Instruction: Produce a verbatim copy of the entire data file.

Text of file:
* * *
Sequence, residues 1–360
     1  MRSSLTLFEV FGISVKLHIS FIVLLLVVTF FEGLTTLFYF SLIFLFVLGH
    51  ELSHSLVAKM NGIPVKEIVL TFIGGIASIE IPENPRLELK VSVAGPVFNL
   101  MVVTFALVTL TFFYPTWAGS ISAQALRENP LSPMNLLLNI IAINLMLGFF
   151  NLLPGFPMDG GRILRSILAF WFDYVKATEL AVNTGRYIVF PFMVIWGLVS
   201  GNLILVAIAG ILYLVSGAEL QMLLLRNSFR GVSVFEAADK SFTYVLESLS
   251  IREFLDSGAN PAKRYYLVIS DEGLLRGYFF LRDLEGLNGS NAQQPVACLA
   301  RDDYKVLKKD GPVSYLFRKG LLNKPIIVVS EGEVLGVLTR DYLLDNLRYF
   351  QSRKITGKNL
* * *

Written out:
Sequence, residues 1–360
     1  MRSSLTLFEV FGISVKLHIS FIVLLLVVTF FEGLTTLFYF SLIFLFVLGH
    51  ELSHSLVAKM NGIPVKEIVL TFIGGIASIE IPENPRLELK VSVAGPVFNL
   101  MVVTFALVTL TFFYPTWAGS ISAQALRENP LSPMNLLLNI IAINLMLGFF
   151  NLLPGFPMDG GRILRSILAF WFDYVKATEL AVNTGRYIVF PFMVIWGLVS
   201  GNLILVAIAG ILYLVSGAEL QMLLLRNSFR GVSVFEAADK SFTYVLESLS
   251  IREFLDSGAN PAKRYYLVIS DEGLLRGYFF LRDLEGLNGS NAQQPVACLA
   301  RDDYKVLKKD GPVSYLFRKG LLNKPIIVVS EGEVLGVLTR DYLLDNLRYF
   351  QSRKITGKNL